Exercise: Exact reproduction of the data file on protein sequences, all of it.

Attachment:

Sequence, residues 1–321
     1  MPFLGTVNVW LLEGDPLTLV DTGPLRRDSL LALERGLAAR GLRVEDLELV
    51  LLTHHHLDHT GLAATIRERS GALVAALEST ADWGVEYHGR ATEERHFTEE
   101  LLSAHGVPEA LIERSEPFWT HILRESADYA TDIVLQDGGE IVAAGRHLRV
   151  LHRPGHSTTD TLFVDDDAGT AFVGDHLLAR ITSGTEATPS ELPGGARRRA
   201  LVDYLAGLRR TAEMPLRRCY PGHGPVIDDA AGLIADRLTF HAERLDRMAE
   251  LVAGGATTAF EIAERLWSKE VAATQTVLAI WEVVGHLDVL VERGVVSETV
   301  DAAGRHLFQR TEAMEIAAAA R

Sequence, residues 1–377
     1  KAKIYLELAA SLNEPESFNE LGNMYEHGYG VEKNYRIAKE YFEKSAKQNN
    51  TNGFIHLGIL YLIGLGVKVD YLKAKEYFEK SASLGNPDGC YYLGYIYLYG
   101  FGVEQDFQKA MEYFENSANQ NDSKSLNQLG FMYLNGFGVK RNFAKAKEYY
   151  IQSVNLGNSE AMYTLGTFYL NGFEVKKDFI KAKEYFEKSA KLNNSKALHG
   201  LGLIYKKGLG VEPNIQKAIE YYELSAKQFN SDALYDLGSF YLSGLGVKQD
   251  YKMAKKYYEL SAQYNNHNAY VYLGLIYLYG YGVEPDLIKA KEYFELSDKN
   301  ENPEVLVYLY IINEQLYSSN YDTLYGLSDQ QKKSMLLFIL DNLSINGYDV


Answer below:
Sequence, residues 1–321
     1  MPFLGTVNVW LLEGDPLTLV DTGPLRRDSL LALERGLAAR GLRVEDLELV
    51  LLTHHHLDHT GLAATIRERS GALVAALEST ADWGVEYHGR ATEERHFTEE
   101  LLSAHGVPEA LIERSEPFWT HILRESADYA TDIVLQDGGE IVAAGRHLRV
   151  LHRPGHSTTD TLFVDDDAGT AFVGDHLLAR ITSGTEATPS ELPGGARRRA
   201  LVDYLAGLRR TAEMPLRRCY PGHGPVIDDA AGLIADRLTF HAERLDRMAE
   251  LVAGGATTAF EIAERLWSKE VAATQTVLAI WEVVGHLDVL VERGVVSETV
   301  DAAGRHLFQR TEAMEIAAAA R

Sequence, residues 1–377
     1  KAKIYLELAA SLNEPESFNE LGNMYEHGYG VEKNYRIAKE YFEKSAKQNN
    51  TNGFIHLGIL YLIGLGVKVD YLKAKEYFEK SASLGNPDGC YYLGYIYLYG
   101  FGVEQDFQKA MEYFENSANQ NDSKSLNQLG FMYLNGFGVK RNFAKAKEYY
   151  IQSVNLGNSE AMYTLGTFYL NGFEVKKDFI KAKEYFEKSA KLNNSKALHG
   201  LGLIYKKGLG VEPNIQKAIE YYELSAKQFN SDALYDLGSF YLSGLGVKQD
   251  YKMAKKYYEL SAQYNNHNAY VYLGLIYLYG YGVEPDLIKA KEYFELSDKN
   301  ENPEVLVYLY IINEQLYSSN YDTLYGLSDQ QKKSMLLFIL DNLSINGYDV